A resilient Ghana, and its ability to absorb and anticipate shocks, and reform anew, go beyond specifying native materials and techniques to reduce the building sector’s contributions to global emissions. For Ghana, a resilient future necessitates an avant-garde approach to national development, blending old and new technologies to ensure continued growth. Long gone are disproportionate investments in the coastal and middle belts whilst the northern savanna zones flounder, especially when some of the country’s most prominent projects that reference indigenous design forms and typologies originate from these regions. The expected positive results from deploying native materiality and techniques with low embodied energy only become plausible when they are guided by government-directed infrastructural networks that connect all of Ghana. Multi-modal transportation, water, energy, sanitation and drainage facilities, healthcare, education, and multi-income housing constitute the principal ‘building blocks’ for an ecologically, economically, and socially responsible Ghana.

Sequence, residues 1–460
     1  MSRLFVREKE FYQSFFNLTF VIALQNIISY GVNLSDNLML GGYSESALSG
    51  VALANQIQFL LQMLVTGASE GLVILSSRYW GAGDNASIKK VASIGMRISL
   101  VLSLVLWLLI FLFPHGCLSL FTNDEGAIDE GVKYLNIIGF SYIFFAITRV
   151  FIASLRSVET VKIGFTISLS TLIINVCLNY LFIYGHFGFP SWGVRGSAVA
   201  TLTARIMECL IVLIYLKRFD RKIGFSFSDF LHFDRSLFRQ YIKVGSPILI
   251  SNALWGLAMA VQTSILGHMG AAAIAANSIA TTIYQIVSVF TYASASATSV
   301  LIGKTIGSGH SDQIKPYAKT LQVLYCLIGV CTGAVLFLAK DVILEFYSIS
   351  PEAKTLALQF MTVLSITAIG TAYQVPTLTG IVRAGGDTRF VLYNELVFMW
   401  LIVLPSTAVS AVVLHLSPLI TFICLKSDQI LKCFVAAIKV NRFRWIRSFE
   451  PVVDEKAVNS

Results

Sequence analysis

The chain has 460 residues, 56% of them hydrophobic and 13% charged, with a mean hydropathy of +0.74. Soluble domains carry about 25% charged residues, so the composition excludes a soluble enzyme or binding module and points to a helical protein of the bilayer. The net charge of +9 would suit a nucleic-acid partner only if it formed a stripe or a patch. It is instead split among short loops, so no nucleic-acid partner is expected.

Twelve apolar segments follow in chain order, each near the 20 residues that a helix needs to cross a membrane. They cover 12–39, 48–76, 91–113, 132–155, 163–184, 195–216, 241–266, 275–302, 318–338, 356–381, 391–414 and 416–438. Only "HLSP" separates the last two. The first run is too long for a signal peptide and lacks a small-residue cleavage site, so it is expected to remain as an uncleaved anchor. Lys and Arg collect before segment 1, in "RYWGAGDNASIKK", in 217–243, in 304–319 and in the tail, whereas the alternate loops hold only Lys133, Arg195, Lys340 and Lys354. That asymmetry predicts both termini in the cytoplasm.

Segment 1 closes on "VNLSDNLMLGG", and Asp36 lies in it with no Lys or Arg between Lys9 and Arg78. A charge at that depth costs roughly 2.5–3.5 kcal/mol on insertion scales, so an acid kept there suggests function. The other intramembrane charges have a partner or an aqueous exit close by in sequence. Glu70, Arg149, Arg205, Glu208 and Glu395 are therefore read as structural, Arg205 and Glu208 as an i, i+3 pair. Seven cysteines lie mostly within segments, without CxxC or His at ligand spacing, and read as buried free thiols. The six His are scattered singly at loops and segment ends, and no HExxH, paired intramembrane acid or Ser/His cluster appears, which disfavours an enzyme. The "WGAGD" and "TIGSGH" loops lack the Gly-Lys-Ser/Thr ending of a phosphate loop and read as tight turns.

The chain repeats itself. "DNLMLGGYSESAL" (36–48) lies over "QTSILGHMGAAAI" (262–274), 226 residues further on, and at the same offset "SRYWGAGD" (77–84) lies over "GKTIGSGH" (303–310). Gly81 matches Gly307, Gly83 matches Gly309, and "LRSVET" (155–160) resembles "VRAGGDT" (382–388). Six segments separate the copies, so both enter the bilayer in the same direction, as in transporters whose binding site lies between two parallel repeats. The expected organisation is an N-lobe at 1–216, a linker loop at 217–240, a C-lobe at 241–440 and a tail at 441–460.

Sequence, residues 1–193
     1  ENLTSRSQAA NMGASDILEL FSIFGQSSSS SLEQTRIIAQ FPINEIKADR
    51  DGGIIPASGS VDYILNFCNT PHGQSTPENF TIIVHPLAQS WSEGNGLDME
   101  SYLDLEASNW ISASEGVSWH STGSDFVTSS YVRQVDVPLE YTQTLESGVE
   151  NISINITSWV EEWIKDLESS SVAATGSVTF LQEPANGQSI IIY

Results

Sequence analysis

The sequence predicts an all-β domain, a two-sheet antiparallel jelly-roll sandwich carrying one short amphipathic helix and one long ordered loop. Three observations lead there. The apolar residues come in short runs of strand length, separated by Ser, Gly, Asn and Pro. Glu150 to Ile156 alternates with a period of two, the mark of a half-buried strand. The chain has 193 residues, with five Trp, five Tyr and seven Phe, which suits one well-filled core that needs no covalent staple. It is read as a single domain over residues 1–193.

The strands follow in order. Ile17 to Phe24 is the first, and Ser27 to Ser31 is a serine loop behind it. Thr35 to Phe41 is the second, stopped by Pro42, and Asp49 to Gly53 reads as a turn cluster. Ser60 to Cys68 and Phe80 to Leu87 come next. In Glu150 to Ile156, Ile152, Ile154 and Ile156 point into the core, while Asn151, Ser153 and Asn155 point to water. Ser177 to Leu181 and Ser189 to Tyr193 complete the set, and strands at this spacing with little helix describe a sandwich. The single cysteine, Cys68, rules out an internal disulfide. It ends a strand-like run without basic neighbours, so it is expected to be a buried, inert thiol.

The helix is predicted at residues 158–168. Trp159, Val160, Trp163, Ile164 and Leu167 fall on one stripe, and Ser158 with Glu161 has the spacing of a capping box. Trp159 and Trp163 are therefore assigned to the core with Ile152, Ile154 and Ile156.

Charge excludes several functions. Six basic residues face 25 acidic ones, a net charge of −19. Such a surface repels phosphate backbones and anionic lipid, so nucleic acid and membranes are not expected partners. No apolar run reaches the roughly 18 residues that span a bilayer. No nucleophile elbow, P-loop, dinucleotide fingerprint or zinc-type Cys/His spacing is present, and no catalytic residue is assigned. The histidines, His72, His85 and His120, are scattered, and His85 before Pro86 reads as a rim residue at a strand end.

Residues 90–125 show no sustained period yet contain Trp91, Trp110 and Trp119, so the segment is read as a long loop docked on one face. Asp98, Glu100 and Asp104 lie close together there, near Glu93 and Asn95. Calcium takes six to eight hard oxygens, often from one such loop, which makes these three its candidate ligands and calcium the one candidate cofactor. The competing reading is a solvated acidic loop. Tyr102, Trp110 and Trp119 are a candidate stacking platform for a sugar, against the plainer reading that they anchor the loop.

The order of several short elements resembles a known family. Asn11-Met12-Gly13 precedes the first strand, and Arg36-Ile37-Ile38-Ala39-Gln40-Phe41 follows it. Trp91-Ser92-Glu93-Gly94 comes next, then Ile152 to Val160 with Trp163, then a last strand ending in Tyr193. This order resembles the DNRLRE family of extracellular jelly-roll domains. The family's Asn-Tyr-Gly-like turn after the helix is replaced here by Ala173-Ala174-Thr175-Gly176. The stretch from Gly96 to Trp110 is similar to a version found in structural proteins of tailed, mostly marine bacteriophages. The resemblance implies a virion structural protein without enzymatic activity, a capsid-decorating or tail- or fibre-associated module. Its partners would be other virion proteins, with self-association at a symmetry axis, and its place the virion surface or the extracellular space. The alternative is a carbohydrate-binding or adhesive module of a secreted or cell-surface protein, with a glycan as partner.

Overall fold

Honouring Local Knowledge

Findings within these infrastructural linchpins include better siting strategies of buildings for such purposes as passive energy and flood protection, as well as opportunities for new industrial and socio-spatial models to emerge at the city, town, and village levels. It is this level of integration, whilst providing choice in ways of living, working and leisure throughout Ghana that will foster lasting transformative impact. As griots – traditional West African storytellers – serve as the oral archaeologists of a people’s history and culture, so too must designers, planners, and engineers serve as physical translators of Ghana’s histories, cultures, and artistic practices. These professionals must pull from the knowledge of local populations to produce outstanding architectural and infrastructural works that embody the values of these communities, towing the past, present and future in elegant displays of craftmanship, meaning, and communal reverence.

Kweku Addo-Atuah